6:24 AM Jun 14, 1994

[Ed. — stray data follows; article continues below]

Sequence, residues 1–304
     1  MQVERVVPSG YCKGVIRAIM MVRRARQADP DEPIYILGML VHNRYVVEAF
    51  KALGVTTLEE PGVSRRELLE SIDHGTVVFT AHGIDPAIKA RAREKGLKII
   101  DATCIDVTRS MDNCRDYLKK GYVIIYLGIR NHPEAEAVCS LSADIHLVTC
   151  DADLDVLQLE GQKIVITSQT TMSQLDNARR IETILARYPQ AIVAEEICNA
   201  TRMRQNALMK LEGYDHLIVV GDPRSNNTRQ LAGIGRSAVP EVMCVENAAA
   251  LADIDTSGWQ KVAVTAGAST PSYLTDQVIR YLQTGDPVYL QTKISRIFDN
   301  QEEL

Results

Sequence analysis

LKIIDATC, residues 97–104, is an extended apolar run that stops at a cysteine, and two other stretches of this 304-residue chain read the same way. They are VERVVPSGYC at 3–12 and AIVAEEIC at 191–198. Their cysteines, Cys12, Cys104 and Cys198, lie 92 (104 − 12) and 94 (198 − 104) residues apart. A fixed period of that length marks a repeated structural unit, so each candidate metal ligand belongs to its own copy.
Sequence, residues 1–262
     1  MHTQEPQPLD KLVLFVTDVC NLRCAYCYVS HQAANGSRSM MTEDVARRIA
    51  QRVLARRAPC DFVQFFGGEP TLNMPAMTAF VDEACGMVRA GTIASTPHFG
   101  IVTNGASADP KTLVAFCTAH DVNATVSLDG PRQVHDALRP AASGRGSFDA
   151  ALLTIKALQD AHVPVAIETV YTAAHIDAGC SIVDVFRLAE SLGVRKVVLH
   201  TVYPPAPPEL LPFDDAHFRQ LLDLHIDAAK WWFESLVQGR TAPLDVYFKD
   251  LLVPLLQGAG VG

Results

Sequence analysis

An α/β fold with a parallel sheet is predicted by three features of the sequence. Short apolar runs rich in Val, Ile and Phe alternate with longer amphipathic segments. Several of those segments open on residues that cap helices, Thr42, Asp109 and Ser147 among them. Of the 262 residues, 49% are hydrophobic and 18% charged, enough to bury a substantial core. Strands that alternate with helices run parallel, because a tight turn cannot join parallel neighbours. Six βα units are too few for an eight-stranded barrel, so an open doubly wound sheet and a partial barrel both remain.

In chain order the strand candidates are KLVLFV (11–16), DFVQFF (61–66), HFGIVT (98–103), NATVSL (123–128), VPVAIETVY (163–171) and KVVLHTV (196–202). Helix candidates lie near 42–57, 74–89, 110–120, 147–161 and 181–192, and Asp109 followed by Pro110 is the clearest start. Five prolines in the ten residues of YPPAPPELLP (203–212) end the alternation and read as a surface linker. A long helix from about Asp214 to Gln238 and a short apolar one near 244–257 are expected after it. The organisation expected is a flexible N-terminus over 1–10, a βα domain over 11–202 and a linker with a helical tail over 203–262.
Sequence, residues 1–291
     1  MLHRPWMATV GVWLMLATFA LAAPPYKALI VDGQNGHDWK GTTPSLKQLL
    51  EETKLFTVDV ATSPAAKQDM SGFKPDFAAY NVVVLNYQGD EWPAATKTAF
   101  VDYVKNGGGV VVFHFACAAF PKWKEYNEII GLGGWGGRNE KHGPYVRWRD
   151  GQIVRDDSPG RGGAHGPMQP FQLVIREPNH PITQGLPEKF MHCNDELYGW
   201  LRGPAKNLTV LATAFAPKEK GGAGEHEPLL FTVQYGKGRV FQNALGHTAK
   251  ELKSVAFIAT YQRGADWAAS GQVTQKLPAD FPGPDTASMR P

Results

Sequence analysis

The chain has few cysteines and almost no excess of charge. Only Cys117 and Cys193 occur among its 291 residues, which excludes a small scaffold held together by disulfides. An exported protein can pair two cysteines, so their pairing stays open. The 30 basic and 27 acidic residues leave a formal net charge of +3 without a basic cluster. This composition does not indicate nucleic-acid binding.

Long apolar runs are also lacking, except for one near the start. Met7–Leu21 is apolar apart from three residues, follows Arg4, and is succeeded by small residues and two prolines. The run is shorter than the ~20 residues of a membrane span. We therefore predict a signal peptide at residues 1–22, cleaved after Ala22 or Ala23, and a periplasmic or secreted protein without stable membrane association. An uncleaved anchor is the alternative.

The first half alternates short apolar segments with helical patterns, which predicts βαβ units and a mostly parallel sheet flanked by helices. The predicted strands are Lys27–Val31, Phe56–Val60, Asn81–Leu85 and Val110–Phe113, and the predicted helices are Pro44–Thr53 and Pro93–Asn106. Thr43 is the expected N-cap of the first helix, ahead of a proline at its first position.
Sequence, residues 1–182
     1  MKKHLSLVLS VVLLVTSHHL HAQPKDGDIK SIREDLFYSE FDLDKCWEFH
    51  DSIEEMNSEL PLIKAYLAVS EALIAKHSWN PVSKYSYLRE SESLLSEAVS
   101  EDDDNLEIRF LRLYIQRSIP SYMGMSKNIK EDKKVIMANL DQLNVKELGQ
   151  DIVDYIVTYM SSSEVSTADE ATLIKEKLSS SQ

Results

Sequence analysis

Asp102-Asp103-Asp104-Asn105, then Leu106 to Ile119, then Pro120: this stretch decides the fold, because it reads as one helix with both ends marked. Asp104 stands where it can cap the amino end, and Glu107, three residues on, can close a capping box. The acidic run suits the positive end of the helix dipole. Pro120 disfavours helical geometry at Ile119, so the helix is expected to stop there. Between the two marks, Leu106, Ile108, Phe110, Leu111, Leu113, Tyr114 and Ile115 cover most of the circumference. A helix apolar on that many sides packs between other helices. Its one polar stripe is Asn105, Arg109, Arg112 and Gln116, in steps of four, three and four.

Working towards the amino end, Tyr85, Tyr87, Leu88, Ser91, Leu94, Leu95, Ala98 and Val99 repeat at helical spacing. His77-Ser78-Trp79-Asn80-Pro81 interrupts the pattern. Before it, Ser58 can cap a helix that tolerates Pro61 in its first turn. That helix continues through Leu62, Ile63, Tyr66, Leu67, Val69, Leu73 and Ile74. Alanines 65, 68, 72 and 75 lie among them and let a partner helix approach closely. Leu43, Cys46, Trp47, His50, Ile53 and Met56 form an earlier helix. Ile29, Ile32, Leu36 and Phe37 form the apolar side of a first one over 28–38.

EMBARGOES TO CHANGE POLICIES OF OTHER COUNTRIES ILLEGALGeneva 13 Jun (Chakravarthi Raghavan) -- No contracting party to GATT, in pursuing its environmental objectives, can use trade embargoes to secure changes in policies that other contracting parties pursue within their own jurisdiction, a GATT panel has said in ruling against the US in what has come to be known as the second tuna-dolphin case. The second panel was headed by Ambassador Winfried Lang of Austria and had as its other two members, George A. Maciel, former veteran Brazilian representative to the GATT who headed some negotiating groups in the Uruguay Round and Alan Oxley Australia's former GATT Ambassador. The panel report, leaked in Washington by the US Trade Representative to US environment groups (who in turn publicised some aspects, namely, that the panel has endorsed right of countries to take 'extra-territorial' measures to safeguard environment), has just been circulated to the GATT contracting parties and thus is unlikely to come up formally before the GATT Council's net meeting on 21 June. But some related issues and controversies are bound to be raised in the Council atleast under the item 'other business'. Many contracting parties are incensed over the US action in not only leaking the report as also the pleadings of third parties (which generally are not even made available to other contracting parties) to the US NGOs. They have been even more upset that the entire panel process and impartiality of such processes have been perhaps vitiated. Several of them have had information that the some environment NGOs, particularly in Europe, had met with the chairman of the panel who had discussed the panel report and ruling with them. Some confirmation of this came at the Trade and Environment symposium organized by the GATT last week (10-11 June) when some of the European NGOs, who had a copy of the report, spoke highly at the symposium of Lang's role in pushing the environment view on the panel and having got the panel to accept that countries can exercise 'extra-territorial jurisdiction' to protect the environment and his difficulties in getting the panel to go beyond. They mentioned this in 'demanding' inclusion in future GATT panels of 'environmentalists'. The way these NGOs spoke at the symposium about the internal discussions in the panel and the difficulties that Lang had in providing leadership and getting other panellists to see his viewpoint left little room for doubt (among the GATT cps present and other participants familiar with GATT's ways) that it was based on briefings by one of the panel members. These cps found it difficult to conceive of the other two panellists telling the NGOs of how they had been forced to yield and depart from GATT practice by Lang. Privately, and on an non-attributable basis, some of the NGOs conceded to other participants at the symposium that they had been in touch with Lang, though it was not clear at what stage -- during the panel proceedings, before the report was given to the US and EC or after it was leaked out in the US. The panel's report as well as the US arguments before it, depart in some areas from the first tuna panel, and involves some circulatory and convoluted logic in an attempt to please 'environmentalists'. Nevertheless it went on to declare GATT illegal the US actions. The panel, in its concluding observations, noted that the objective of sustainable development, which includes the protection and preservation of the environment, has been widely recognised by the contracting parties to the GATT, but that the issue in the dispute (before it) "was not the validity of the environmental objectives of the US to protect and conserve dolphins," the panel said. "The issue," the panel observed, "was whether, in the pursuit of its environmental objectives, the United States could impose trade embargoes to secure changes in the policies which other contracting parties pursued within their own jurisdiction. "The Panel therefore had to resolve whether the contracting parties, by agreeing to give each other in Article XX the right to take trade measures necessary to protect the health and life of plants, animals and persons or aimed at the conservation of exhaustible natural resources, had agreed to accord each other the right to impose trade embargoes for such purposes. The Panel had examined this issue in the light of recognized methods of interpretation and had found that none of them lent any support to the view that such an agreement was reflected in Article XX." "The Panel further observed that the dispute settlement procedures cannot add to or diminish rights of contracting parties under the General Agreement. It noted that other procedures existed under the General Agreement that permit the obligations of a contracting party to be waived. The Panel noted that the relationship between environmental and trade measures would be considered in the context of preparations for the organization of the World Trade Organization". In its findings, the panel ruled that the US 'primary nation embargo' and the 'secondary nation embargo' on tuna imports from countries not following its own policies, were GATT illegal -- not being covered by the Art. III (national treatment of imported products) requirements, were contrary to Art XI:1 on quantitative restrictions and were not covered by the exceptions in Art XX (b), (g) or (d) of the General Agreement. Art. XX (b) enables 'measures necessary', contrary to the GATT obligations, to protect human, animal or plant life or health. Art XX (d) enables necessary measures to secure compliance with customs enforcement, enforcement of monopolies granted under the GATT provisions, protection of patents, trade marks and copyrights and prevention of deceptive practices. Art XX (g) enables 'measures necessary' relating to the conservation of exhaustible natural resources, and taken in conjunction with restrictions on domestic production or consumption. The dispute arose out of the restrictions on tuna imports mandated by the US Marine Mammal Protection Act of 1972 which prohibits "taking" of any marine mammals, whether directly or indirectly in harvesting of fish. It relates to the use of 'purse sein nets' used in commercial deep sea fishing. In terms of yellowfin tuna (found in eastern tropical Pacific and generally swimming below dolphins swimming at or near the surface), the purse sein nets which gather in tuna also bring into the net dolphins and resulting in incidental killing or serious injury to the dolphins. The US law prohibits any commercial imports harvested by a method that results in incidental kill or serious injury to marine mammals in excess of US standards. These standards will be considered as not in excess of US standards if the fish exporting country provides the US evidence that it has a comparable regulatory approach and comparable dolphin-kill rate -- 1.25 times the average of the US vessels rate in a year, and no more than 15% of total dolphins of eastern spinner dolphin and no more than two percent of costal spotted dolphin. Arising out of this 'primary nation embargo', the US law also mandates bans from any 'intermediary nation' that exports yellowfin tuna or yellowfin tuna products to the US and which imports such tuna from other nations subject to the US 'primary nation embargo'. The first tuna-dolphin dispute was on a complaint of Mexico over the 'primary nation' ban on tuna imports from Mexico. The panel ruled against the US and said that the US actions were not covered by the exceptions to the GATT Art. XX and that any restriction must relate to similar restrictions on a domestic 'product' in the US, and could not be related to the 'process'. Environment groups in the North have been generally arguing that countries, and local communities, should be able to ensure a better quality of environment by restricting products and processes for production, and that in order to ensure this and enable continued competitivity of their industries, they should be able to impose restrictions on imports of products based on their process of production -- the so-called PPMs. These groups do not see that by such trade restrictions they are merely shifting the burden of adjusting to the higher quality of life in the North to the communities in the South. In their initial reactions to the second panel ruling, they generally viewed it as enabling countries to exercise 'extra-territoriality' over environment measures, but attacked the panel for not enabling PPMs and not taking into account 'environmental' issues and guidelines set elsewhere than in the GATT. The US argument (in both disputes) is that its actions under its Marine Mammal Protection act is aimed at conserving natural resource (dolphins) and protecting this species, and thus an exception to the GATT obligations covered by the subclauses (b) and (g) of Art XX -- measures for protecting human, animal or plant life or health; and measures for conservation of exhaustible natural resources in conjunction with restrictions on domestic production or consumption. The first panel ruled against the US, but that report has never come before the GATT Council because the US reached an agreement with Mexico to resolve the problem between them. The second dispute, on which the new panel has now ruled, relates to what is technically known as 'secondary nation' embargo -- namely banning imports of tuna or processed tuna from countries, who might themselves be following for their own fleets the same restrictions as the US and exporting such tuna, but do not apply the same 'primary nation' embargo against those nations whose own tuna exports to the US are banned under its law for protection of dolphins and other sea mammals. As is normal practice, the report of the second panel had been made available confidentially to the parties to the dispute (US and EC) on 20 May and has just been circulated officially to the CPs. It will still remain a 'restricted' document until its adoption by the GATT Council or atleast until the Council decides to derestrict it. But without waiting for its circulation to the GATT CPs, the US Trade Representative, Mickey Kantor appears to have made it available to the US environment groups in Washington who in turn made it available to other environment groups abroad. Some of the US environment groups and their allies abroad in other industrialized countries have been selectively citing the panel's views and using it to mount a campaign against the GATT/WTO and calling for changes in the dispute settlement processes. Views of several of these proponents, who quoted selectively from the panel ruling, were aired last week at the GATT symposium on trade and environment -- embarrassing the handful of developing country diplomats who were present but had not had a chance to read the second ruling. The GATT diplomats from countries other than US and EC actually got the report this week. Interestingly, several of the Northern NGOs who cited from the second tuna panel report, and who also favoured the GATT and WTO actions on exports of hazardous goods which are banned or severely restricted domestically, did not cite the fact mentioned in the second panel ruling that the US had blocked action on this front, but had sought to use the draft decision of a working group on this issue for its own purposes. The US had blocked action on exports of domestically prohibited or hazardous products, demanding that any such GATT action should exempt pharmaceuticals and chemicals as well as automobile spare parts. The argument of the Northern NGOs appeared to be that on environment matters, the GATT panels should be 'advised' by environment experts, that the GATT panels in ruling on such matters should be guided not by the GATT rights and obligations of the parties, but also take into account other sources of international law. Some have also been taking the view that in any dispute between a contracting party complaining of the actions of another claiming its actions to be for 'environmental' reasons, the complaining CP should not only be obliged to show that the other cp was imposing trade restrictions contrary to the GATT obligations, but also that the measures complained of are not for 'environmental' but are protectionist purposes. This would mean that the moment any contracting party placing restrictions put on the 'environment hat', then the entire burden of proof would be cast on the others. The panel said that Art XX provided an exception to the obligations under GATT and hence the exception provisions had to be interpreted narrowly and in a manner preserving the objectives and principles of the General Agreement. If Art XX were to be interpreted to permit cps to take trade measures so as to force other cps to change their policies within their jurisdiction, including their conservation policies, the balance of rights and obligations among cps, in particular the right of access to markets, would be seriously impaired, the panel said. Under such an interpretation the General Agreement could no longer serve as a multilateral framework for trade among contracting parties. Measures taken to force other contracting parties to change their policies and which would be effective only if such changes occurred, could not be primarily aimed either at conservation of an exhaustible natural resource nor at rending effective restrictions on domestic production or consumption envisaged in Art XX (g). The US impost prohibitions on tuna and tuna products were thus inconsistent with Art XI:1 and not justified by XX (g). On similar grounds (of measures to change policies of other countries), the panel also ruled against the US claim that the ban was justified in terms of XX (b), namely, measures necessary to protect human, animal or plant life or health. As for the US contention that these secondary nation embargoes were necessary to ensure compliance with its primary nation ban, and thus a justified exception under XX (d), the panel ruled that the primary nation embargo was a violation of Art XI:I of the General Agreement, and thus could not serve as a basis for justification of the secondary nation embargo.